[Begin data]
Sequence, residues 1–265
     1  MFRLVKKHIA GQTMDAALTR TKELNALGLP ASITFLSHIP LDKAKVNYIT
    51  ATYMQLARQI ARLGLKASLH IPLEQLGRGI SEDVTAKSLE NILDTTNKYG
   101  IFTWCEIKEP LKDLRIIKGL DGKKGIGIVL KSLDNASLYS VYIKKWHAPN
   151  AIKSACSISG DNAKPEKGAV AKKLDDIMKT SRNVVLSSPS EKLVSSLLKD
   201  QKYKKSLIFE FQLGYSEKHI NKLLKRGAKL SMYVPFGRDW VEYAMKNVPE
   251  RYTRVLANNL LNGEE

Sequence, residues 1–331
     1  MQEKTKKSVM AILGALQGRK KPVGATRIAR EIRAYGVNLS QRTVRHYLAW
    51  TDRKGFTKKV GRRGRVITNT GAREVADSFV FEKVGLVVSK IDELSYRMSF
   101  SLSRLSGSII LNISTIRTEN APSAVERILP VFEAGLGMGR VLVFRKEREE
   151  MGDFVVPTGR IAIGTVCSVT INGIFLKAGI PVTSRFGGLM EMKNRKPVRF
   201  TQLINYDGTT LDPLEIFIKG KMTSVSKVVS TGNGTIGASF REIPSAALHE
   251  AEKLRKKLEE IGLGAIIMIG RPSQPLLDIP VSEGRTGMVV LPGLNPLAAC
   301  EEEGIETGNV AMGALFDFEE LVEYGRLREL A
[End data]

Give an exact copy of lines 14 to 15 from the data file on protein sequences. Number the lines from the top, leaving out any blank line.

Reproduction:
   251  AEKLRKKLEE IGLGAIIMIG RPSQPLLDIP VSEGRTGMVV LPGLNPLAAC
   301  EEEGIETGNV AMGALFDFEE LVEYGRLREL A